The heroes of the Hanukkah story have been called religious zealots. Should American Jews care?

Brandeis University News

“Dreidel Man” greets a young girl at the annual National Menorah Lighting for Hanukkah at the Ellipse park near the White House, Dec. 12, 2018. (Al Drago/Getty Images)
(JTA) — A band of religious zealots, in the face of imperialist forces that threaten their faith, band together and, battling enemies within and without, take control of their country. They establish a theocracy that quickly becomes corrupt.
This is the premise of the holiday currently being observed by American Jews, who tend to be liberal in their views.
Or is it? The dueling narratives of Hanukkah have been baked (or fried) into Jewish tradition for ages. Are Jews celebrating the military victory or the religious miracle of a small jug of oil that lasted eight days? Is the hero of the story Judah Maccabee, a general, or is it God? Is this a holiday celebrating Jewish power or divine providence?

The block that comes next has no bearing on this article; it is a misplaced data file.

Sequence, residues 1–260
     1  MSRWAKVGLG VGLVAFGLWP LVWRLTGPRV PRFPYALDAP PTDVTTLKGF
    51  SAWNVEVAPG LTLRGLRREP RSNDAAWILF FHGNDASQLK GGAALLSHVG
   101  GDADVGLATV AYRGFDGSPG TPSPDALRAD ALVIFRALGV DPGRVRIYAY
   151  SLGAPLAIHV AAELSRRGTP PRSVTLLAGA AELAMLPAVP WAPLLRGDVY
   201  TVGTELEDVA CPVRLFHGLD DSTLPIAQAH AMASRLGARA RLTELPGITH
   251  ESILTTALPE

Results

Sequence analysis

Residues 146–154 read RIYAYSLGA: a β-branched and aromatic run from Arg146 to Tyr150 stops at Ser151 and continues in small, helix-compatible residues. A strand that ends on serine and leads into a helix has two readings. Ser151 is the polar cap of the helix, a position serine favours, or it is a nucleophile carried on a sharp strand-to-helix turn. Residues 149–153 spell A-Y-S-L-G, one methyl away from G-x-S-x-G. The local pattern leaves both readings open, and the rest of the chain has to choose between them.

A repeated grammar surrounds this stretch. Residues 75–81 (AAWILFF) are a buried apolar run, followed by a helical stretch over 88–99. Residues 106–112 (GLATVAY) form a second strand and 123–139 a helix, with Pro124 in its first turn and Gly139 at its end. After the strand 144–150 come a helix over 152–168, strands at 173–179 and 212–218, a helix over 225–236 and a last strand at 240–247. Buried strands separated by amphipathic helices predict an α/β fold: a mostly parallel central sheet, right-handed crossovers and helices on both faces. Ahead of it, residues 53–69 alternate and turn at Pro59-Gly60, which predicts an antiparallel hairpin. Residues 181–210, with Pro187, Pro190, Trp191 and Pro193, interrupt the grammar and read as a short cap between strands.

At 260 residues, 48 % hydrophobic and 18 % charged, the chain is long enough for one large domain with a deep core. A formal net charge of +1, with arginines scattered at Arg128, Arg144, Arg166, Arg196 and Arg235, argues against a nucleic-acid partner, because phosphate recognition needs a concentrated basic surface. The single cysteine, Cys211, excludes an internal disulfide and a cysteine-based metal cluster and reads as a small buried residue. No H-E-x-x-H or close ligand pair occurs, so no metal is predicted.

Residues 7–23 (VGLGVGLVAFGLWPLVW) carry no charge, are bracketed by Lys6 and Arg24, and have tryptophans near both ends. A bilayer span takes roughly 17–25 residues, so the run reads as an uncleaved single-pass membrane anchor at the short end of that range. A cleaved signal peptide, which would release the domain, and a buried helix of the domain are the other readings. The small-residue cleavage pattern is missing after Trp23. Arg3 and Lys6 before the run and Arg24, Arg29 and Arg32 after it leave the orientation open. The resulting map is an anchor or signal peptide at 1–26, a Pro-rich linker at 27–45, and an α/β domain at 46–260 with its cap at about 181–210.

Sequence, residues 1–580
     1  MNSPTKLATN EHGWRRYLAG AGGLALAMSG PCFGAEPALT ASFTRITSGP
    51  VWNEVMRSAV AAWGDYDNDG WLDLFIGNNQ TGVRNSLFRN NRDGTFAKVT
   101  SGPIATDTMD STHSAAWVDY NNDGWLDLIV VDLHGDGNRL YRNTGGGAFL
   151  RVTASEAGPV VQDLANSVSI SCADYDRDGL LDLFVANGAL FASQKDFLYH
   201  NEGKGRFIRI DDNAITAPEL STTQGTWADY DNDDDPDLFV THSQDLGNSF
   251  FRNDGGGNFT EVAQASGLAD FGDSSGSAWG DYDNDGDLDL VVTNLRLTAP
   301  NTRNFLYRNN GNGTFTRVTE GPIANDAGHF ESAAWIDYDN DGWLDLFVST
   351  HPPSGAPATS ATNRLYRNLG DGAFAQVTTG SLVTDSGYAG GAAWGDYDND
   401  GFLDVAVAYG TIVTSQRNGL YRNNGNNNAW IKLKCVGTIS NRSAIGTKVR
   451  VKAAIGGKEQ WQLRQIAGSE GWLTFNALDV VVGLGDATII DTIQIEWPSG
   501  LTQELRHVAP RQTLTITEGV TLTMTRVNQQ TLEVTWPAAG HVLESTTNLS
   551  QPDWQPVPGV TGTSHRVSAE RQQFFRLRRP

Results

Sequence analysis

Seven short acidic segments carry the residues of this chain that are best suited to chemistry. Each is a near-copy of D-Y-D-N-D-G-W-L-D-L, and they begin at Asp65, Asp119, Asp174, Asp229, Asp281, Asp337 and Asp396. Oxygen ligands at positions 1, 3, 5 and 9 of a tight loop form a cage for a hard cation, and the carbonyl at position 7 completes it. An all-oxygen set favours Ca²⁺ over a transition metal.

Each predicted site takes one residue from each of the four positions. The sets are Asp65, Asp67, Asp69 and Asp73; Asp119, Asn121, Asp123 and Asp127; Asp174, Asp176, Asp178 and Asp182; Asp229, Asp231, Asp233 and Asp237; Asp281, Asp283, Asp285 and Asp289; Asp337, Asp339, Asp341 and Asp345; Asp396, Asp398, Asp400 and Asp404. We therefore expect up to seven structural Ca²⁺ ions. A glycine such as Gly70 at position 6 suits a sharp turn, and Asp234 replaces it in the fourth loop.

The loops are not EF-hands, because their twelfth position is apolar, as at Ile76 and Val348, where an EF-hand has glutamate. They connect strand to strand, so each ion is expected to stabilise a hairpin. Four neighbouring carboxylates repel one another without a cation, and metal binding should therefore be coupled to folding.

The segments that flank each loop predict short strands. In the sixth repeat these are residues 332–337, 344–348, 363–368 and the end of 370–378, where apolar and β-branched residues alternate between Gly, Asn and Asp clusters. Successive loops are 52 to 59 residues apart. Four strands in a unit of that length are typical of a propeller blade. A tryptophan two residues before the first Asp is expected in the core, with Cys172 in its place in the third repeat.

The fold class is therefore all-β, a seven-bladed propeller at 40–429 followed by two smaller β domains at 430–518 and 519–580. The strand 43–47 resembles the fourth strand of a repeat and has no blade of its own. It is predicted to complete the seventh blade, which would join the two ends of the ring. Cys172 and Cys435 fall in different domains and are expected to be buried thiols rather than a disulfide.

The perennial tension between the Maccabees’ militarism and modern American Jewish dovishness arose again this week in a New York Times op-ed by novelist Michael David Lukas called “The Hypocrisy of Hanukkah.” Lukas laments that Hanukkah “commemorates an ancient battle against assimilation. And it’s the one holiday that most assimilated Jews celebrate.”
But that dichotomy, experts say, is false. The Maccabees weren’t exactly extremists. Their enemy was, indeed, causing real harm to Jews. The oil jug story appears to be a later innovation of the rabbis of the Talmud. And for a long time, American Jews were just fine with celebrating militarism.
“As a Jew this holiday is hard for me in terms of my kids asking about it because I have a hard time telling them what I actually know about it,” said Shayna Sheinfeld, a Jewish studies professor at the University of Kentucky who studies antiquity. “When we tell the story to our kids, we like to paint it …

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